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How to Avoid the ‘Foreign 15’


Dodging the infamous “freshman 15” was one thing, but avoiding weight gain during a semester abroad is another story. While you may not be given infinite access to dining halls full of burgers and fries, you may be exposed to buttery croissants, endless pizza and tons of foreign foods you’re eager to try before your time’s up.

But don’t worry; you’ll be able to live your study abroad experience to the fullest without making too many sacrifices and without gaining the “foreign 15.” Just follow these seven tips from collegiettes across the country!

1. Maintain your lifestyle from home

Naturally, living in a different country can completely change your lifestyle. While there are definitely some benefits in immersing yourself in your experience abroad, you should be making sure that these changes are beneficial. “It is important to realize that any break in routine, particularly one that suspends all semblance of ‘real life,’ presents a risk for weight gain,” says Mary Hartley, a nutritionist in a private practice.“[So be sure to] have a plan.”

As soon as you start to get into your daily routine in your new home country, think back to what your habits have been like back home. Moving, jet lag and time differences will be enough shock to your system, so try to keep some consistency in your life. Try to eat the same amount of meals every day with similar portions to what you would have at home. Make sure you’re as active as you’ve been, and, perhaps most importantly, try to keep to your regular sleep schedule.

Keeping track of your lifestyle and how it transitions when you go abroad can really be a lifesaver. When you’re in a new situation, it’s easy to develop new habits. This can be a great thing to take advantage of, but it can also be a little dangerous if those new habits include more junk food and less sleep! Always try to keep some sort of consistency in your lifestyle in order to maintain your health.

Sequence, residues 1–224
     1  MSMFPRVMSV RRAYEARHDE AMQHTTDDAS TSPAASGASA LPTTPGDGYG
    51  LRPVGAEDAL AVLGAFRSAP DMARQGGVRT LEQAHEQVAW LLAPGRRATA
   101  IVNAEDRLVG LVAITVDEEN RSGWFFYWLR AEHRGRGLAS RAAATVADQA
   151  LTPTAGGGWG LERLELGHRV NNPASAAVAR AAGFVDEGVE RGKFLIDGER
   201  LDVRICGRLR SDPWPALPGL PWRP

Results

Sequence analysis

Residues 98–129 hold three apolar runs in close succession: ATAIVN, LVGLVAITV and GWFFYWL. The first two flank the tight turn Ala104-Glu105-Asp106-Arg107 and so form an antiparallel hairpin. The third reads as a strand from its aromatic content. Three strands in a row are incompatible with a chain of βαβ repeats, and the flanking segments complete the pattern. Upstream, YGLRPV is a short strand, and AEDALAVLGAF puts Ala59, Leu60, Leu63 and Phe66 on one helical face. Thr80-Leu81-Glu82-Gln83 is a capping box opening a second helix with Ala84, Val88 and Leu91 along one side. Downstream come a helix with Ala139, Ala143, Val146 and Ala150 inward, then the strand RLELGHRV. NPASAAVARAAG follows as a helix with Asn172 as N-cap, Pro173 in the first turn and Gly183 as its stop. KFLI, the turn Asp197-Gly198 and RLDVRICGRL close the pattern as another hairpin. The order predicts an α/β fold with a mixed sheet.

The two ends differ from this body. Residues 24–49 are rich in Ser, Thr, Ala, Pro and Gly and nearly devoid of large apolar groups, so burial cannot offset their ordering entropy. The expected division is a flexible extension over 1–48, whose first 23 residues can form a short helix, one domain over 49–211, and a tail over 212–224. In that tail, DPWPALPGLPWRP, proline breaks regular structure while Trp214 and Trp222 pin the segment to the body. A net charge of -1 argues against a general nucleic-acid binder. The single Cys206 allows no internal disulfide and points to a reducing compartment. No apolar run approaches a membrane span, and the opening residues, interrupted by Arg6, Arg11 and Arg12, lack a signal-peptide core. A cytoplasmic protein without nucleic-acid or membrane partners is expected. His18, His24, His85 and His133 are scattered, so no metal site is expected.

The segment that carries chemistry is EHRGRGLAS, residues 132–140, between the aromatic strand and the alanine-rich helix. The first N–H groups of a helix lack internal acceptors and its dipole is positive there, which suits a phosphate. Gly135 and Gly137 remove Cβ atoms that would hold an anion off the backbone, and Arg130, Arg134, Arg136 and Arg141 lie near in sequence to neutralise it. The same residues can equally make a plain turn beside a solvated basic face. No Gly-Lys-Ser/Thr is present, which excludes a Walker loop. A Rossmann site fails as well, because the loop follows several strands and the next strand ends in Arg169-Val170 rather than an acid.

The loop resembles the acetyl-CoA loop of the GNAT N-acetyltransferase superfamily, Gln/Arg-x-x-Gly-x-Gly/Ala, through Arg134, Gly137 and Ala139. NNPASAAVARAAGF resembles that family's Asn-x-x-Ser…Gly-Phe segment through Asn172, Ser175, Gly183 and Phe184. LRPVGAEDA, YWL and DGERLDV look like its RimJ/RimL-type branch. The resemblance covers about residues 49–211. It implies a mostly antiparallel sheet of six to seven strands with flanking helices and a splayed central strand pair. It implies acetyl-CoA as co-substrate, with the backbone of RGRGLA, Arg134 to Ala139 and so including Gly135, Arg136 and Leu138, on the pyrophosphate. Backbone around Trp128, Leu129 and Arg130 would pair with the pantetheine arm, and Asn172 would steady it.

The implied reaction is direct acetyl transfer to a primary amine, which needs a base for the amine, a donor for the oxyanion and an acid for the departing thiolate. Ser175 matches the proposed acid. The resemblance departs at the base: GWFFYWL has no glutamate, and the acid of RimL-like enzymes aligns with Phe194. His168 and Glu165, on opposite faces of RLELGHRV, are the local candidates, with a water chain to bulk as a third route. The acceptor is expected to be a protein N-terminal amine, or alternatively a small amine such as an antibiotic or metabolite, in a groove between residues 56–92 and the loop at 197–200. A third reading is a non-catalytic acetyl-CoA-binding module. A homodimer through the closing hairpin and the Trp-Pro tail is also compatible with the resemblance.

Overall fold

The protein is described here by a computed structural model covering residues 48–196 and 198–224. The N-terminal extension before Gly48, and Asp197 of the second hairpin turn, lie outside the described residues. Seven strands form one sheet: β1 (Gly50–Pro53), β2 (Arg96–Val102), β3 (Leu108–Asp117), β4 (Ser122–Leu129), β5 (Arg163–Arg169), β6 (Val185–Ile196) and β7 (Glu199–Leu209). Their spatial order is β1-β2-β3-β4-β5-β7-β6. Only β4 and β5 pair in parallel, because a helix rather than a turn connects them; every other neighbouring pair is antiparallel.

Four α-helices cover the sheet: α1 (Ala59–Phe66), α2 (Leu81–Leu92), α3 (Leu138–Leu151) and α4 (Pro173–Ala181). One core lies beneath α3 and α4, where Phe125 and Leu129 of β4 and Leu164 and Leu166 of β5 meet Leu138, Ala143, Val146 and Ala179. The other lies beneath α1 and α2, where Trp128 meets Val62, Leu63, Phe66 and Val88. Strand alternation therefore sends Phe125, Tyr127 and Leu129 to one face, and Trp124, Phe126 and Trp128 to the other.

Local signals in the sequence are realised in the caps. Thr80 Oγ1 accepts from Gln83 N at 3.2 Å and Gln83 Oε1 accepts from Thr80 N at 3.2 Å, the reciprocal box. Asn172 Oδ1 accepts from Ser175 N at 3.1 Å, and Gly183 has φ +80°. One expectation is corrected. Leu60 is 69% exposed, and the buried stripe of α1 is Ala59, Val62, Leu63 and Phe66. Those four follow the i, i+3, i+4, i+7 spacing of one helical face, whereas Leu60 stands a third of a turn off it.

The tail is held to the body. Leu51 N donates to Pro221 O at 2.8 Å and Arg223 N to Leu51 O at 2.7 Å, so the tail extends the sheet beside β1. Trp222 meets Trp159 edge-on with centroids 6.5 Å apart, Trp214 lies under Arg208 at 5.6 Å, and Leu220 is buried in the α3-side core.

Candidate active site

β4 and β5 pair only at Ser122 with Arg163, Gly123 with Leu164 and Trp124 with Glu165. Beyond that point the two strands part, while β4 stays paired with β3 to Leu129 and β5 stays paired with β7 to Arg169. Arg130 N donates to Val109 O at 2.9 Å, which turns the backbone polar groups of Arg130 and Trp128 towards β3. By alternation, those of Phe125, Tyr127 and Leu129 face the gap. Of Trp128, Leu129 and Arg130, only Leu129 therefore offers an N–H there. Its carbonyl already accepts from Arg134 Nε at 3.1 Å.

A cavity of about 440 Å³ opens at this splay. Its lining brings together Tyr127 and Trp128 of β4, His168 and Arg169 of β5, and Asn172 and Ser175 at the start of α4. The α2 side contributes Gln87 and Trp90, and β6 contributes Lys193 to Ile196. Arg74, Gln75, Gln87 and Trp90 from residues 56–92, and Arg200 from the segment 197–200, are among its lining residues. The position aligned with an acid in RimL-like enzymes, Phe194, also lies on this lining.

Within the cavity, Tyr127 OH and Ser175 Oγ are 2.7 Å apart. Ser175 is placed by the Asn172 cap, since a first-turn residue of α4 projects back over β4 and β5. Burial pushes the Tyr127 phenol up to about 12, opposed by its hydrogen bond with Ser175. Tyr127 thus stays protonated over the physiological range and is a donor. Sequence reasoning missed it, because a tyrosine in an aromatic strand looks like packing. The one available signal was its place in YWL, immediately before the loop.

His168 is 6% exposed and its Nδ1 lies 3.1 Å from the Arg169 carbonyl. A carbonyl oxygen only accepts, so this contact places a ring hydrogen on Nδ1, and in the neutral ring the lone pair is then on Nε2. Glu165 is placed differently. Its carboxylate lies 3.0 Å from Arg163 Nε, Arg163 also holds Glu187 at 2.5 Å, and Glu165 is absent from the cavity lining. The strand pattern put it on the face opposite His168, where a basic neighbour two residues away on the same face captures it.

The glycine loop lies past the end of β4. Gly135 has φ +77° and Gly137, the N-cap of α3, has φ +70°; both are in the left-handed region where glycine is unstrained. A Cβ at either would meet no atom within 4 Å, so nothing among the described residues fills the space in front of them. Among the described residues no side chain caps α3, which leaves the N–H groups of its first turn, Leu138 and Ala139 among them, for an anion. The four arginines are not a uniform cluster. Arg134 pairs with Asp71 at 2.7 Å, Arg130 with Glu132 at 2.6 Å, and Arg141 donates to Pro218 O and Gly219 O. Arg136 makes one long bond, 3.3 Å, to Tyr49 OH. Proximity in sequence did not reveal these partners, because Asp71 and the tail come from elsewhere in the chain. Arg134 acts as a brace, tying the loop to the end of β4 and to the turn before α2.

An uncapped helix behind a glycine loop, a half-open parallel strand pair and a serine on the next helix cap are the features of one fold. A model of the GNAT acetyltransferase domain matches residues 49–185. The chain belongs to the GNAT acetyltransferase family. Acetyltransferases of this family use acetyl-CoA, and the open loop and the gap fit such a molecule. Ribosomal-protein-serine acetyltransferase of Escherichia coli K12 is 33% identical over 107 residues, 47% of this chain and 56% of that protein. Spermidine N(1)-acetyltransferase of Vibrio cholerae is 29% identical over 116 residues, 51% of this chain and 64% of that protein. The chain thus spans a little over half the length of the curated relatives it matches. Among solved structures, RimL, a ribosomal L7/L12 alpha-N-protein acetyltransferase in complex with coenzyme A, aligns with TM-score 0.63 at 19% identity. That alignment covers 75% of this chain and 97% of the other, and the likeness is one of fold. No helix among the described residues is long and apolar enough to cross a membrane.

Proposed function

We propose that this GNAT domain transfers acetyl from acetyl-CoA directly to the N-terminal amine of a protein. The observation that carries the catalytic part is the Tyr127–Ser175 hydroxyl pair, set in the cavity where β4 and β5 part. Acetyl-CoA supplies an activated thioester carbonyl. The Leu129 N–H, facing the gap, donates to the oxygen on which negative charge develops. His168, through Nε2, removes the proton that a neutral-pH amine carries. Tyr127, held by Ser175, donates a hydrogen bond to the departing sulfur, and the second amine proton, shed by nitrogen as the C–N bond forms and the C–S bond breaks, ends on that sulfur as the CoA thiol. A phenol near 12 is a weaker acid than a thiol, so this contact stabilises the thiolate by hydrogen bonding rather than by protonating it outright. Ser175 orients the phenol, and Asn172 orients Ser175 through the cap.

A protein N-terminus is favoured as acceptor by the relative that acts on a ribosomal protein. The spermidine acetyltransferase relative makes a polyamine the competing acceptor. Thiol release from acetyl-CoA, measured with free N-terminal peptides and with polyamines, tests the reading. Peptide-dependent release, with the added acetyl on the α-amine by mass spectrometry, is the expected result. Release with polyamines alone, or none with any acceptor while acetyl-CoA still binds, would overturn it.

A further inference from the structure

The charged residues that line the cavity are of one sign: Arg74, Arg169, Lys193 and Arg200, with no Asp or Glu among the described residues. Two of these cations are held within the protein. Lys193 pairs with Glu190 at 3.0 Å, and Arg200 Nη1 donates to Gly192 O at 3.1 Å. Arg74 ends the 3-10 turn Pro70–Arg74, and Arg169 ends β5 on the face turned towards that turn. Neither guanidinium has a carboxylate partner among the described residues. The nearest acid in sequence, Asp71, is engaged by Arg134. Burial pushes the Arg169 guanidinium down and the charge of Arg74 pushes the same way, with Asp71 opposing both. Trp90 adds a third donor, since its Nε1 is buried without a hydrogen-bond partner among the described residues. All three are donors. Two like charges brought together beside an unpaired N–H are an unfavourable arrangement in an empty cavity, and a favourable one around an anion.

2. Walk everywhere

Now that you’re in a new place, there’s a lot of exploring to be done. And what better way to get to know a place than to walk everywhere? Setting out on foot not only lets you explore your new home, but it’s also good for burning off those extra calories.

“From going to school to exploring your city, make sure that you walk as much as possible,” suggests Sarah, a graduate of Bucknell University who studied abroad in France. “My nightly cheese plate was negated by daily 20-minute walks to and from class every day.”

Walking isn’t necessarily a high-impact exercise, but it beats taking the bus when it comes to burning off those calories from extra snacks. Try skipping the bus and walking to class next time around!

3. Eat in

Not only does eating out drain your wallet, but it also puts on the pounds. When you’re in control of what’s in your fridge, it’s a lot easier to measure your intake of food.

“I vowed that I would only eat out once a week, tops, before I even got to Scotland,” says Alex, a junior at New York University. “I originally did it to save money, but it ended up keeping my health in check, too.”

Instead of hitting up your favorite restaurants, take a trip to the grocery store and try stocking up on healthier, heartier meals and snacks – and stay away from junk. This will motivate you to ration your food and stick to the healthier choices that you bought yourself.

“I liked buying my own groceries because I was able to control what I ate and how much I ate, and I think it really paid off,” Alex says. This doesn’t mean that you shouldn’t indulge every once in a while, but try to keep eating out for weekends and special occasions.

4. Join a gym

Even if you don’t consider yourself a gym buff, consider taking the step to join a gym during your study abroad semester. While they can be a bit pricey, having a membership will motivate you to get the most bang for your buck while also shedding those extra pounds. Not to mention, gyms can offer you those extra resources, equipment and classes that wouldn’t be available to you otherwise.